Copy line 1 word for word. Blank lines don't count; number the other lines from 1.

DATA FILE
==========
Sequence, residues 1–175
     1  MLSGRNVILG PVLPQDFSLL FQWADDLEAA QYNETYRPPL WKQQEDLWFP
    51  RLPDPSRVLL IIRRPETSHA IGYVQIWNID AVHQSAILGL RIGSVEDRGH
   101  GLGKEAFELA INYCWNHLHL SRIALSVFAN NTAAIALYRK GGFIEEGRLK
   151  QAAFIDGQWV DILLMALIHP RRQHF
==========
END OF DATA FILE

Sequence, residues 1–175